"We are going to resolve that problem."
Translation:Nosotros vamos a resolver ese problema.
How do we know the problem is male with 'ese' - as the problem is outside the sentence would it not be best to use 'eso'?
As any Spanish speaking girl will inevitably tell you whenever it comes up, problema is ALWAYS masculine. As to why it cannot be "eso", you can't use "eso" in front of a substantive. So you would never say eso carro, eso libro, etc, always ese. An example for eso: Eso es bueno.
Here 'ese' is an adjective, modifying the masculine noun 'problema.' If you said "We are going to resolve that." you'd use 'eso,' IMO, as a stand-alone pronoun.
who'd have thought problema was masculine... the a at the end was a false clue. I should have taken Jay-z's advice... 99 problemas, y un b***h ain't uno!
I kind of gathered some of that information from repetition on this program, but the link you provided is really what I needed all along! Have a Lingot :)
Do you know that «agua» is masculine too? http://spanish.about.com/od/adjectives/a/el_for_la.htm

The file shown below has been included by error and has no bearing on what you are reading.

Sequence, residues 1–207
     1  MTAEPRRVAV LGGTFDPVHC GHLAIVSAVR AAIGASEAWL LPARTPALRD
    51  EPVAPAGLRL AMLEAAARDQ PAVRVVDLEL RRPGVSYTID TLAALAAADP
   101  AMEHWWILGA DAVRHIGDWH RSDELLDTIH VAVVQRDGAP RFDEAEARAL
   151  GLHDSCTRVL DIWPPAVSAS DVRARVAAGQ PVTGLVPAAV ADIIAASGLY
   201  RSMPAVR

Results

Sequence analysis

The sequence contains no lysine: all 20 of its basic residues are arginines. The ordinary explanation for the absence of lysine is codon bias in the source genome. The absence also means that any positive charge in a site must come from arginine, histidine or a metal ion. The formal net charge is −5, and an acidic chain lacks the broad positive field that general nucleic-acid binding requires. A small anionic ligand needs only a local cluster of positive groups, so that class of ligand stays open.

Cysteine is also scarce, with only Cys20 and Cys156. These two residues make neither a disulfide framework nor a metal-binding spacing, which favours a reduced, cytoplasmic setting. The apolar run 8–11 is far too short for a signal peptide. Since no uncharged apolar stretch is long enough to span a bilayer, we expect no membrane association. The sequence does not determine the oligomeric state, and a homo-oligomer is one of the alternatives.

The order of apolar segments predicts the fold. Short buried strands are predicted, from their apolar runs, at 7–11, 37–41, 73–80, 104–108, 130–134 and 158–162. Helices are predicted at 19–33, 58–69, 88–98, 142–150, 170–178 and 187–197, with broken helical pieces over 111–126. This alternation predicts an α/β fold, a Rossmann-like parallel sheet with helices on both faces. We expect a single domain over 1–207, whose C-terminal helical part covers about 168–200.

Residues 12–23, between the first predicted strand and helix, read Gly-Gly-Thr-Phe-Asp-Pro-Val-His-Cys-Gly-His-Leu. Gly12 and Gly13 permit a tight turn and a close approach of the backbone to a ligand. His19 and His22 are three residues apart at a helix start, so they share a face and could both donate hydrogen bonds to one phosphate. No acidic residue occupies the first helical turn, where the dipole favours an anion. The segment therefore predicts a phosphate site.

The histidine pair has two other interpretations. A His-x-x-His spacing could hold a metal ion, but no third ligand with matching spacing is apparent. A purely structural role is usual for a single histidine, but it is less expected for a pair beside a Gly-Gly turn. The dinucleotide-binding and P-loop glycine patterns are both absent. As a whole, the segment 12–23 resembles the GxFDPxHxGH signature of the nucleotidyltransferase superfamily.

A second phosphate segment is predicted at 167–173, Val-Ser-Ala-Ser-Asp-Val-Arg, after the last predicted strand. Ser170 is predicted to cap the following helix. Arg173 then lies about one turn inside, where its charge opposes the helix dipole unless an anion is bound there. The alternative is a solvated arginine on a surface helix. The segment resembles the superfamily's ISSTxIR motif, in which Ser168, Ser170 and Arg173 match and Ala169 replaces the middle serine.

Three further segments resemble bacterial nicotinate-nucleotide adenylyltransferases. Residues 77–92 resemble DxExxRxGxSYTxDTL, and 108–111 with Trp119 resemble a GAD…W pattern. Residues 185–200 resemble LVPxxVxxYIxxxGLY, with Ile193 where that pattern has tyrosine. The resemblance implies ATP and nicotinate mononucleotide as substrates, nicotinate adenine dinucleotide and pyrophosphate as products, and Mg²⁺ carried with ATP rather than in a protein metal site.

Yes. There is a popular misconception that words like "agua," "aroma," and "idiota" are masculine. THEY ARE NOT. They are feminine nouns that use "el," the masculine definite article. The reason for this is the fact that they begin with vowels, which makes it hard to say "la idiota" or "la aroma" without blending the vowels and slurring your speech.
There are other feminine nouns, like "el clima" and "el mapa," that do NOT begin with vowels, but still use the masculine article "el." I do not know why this is so; it would help if a native speaker who is also a teacher could enlighten us on that point.
There are also some MASCULINE nouns, like "radio" and "mano," that use the FEMININE definite article "la." I do not know why this is, either, although it might be because saying "el radio" blends the "l" and the "r." Apart from that guess, I have no idea.
But, Grytr, remember that when a seemingly feminine or masculine noun uses the definite article of the other gender, it is not actually the opposite gender.
Hope this helps y'all.
I see. Muchas gracias. Wiktionary is not the best source, but you're right; I looked it up and found other sources confirming it.
Not necessary to add a direct object pronoun; there is already a direct object in the sentence.